HAGAR stands for High Altitude Gamma Ray Observatory where each telescope in HAGAR consist of 07 paraxially mounted parabolic mirrors, it was operational in the year 2008.
HAGAR doesn’t gaze at the cosmos through visible light, but listens to its high-energy symphony – the language of gamma rays.
Imagine celestial giants like supernovas and pulsars, flinging cosmic rays like celestial bullets. When these bullets slam into Earth’s atmosphere, they unleash a fleeting, ethereal glow – Cherenkov radiation. HAGAR, with its seven watchful eyes spread across the sky, hunts for these fleeting whispers of the universe’s most violent events.
Organizations at IAO Hanle
- Indian Institute of Astrophysics HCT & GROWTH
- Tata Institute of Fundamental Research, HAGAR
- Bhabha Atomic Research Centre, MACE
- Small Experiment by ISRO, DRDO
Celestial Object observed through Himalayan Chandra Telescope (HCT)
Foundation of Indian Astronomical Observatory
Hanle observatory or Indian Astronomical Observatory is an High Altitude astronomy sites which is operated from Bengaluru IIA (Indian Institute of Astrophysics).
The observatory is located in the region which is known as DIGPA RATSA RI which stands on Mt. Saraswati.
The foundation stone for the observatory is laid by General K.V Krishna Rao, PVSM (Retd.) which was then the Governor of Jammu & Kashmir on 16th October 1997.
Interesting Things to Know about Hanle Observatory
- It is an observatory which is located in High Altitude Region which makes it special.
- It is one of the world highest sites for Infrared, gamma and optical telescopes.
- The observatory is handled by the IIA Bengaluru.
- The HCT (Himalayan Chandra Telescope) and the Dome Rotate 360 Degrees.
- In Hanle everyday light goes off around 2000 Hrs. so that clear sky can be seen without any disturbance.
- Hanle is also known as Meteorite village because of Astronomical observatory.
- Hanle Observatory is stands in Mt. Saraswati.
Power source at Indian Astronomical Observatory
Hanle being the High Altitude region this place is ideal for solar energy as the intensity of sunlight is high and no of clear skies is more.
Presently 90KW of peak generation is dedicated to the observatory, 30KW of 3 Unit. use Diesel Generator for backup.
Who takes care of the Observatory?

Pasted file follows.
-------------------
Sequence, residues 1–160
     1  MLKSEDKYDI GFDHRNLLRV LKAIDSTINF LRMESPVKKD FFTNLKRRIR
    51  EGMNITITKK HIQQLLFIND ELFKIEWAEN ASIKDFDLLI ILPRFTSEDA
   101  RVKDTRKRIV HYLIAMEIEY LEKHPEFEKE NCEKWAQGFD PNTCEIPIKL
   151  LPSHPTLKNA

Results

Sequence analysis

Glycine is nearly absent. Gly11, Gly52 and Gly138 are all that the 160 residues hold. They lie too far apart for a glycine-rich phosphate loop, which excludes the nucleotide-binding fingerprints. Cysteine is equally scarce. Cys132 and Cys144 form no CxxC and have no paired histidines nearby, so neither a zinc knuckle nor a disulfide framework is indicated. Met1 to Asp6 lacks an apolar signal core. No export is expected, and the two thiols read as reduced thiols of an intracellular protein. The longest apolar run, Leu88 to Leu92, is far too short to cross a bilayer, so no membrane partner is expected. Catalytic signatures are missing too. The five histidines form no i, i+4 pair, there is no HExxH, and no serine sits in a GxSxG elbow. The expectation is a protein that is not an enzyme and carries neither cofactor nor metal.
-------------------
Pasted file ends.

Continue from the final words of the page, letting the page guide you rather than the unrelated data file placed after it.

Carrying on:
There are mainly the local people those who take care of the observatory and which are in direct contact with IIA Bengaluru, The data collected by the telescopes and observatory is processed from Bengaluru.
Captured with the Phone 12: A Midnight Still Life
Frequently Asked Questions
Why is Hanle Observatory is special?
There are 4 main reasons which makes Hanle special for observatories.
1) Exceptional Sky Conditions
2) Diverse Telescope Array
3) Pioneering Research & Discovery
4) Cultural Significance & Eco-tourism
Name the Telescope and observatory in Hanle?
There are various agencies work together to collect the data especially the IIA Bengaluru the main telescope is HCT (The Himalayan Chandra Telescope) then Growth Telescope, Mace Telescope and last Hagar observatory.
Hanle Observatory is also known as?
Hanle observatory is also known as IAO (Indian Astronomical Observatory).
How far is Hanle Observatory from Leh?
Hanle is at a distance of 270 Km from Leh.
What is the procedure to visit the Hanle Indian Astronomical Observatory?
You can visit the observatory during non working hours during morning as it opens up at 10 in the morning.
How much is the price of ticket for Hanle Observatory?
Visiting the observatory is free of cost no fees is charged if you are planning your visit please visit after 10 am during odd hours nobody is allowed to visit the observatory.
Is videography or Photography is allowed in Hanle Observatory (IAO)?
Yes, if you want to take picture or capture a video there are no restriction but when they are explaining you how it works then it is not allowed.
What is the best time to visit the Hanle Observatory?
The best time considers to visit the observatory is from March to October as during winter the temperature drops down to -20 Degrees which makes it difficult.
Hanle is also known as?
Hanle is also known as Meteorite Village of India.
What else can be covered while you are in Hanle?
You can visit the one of the oldest monastery of Hanle, which is a famous tourist sightseeing places.
Do we require permit for visiting Hanle?
No, permit is not required but you have to pay an environment fee and register yourself on official website if you are visiting Hanle.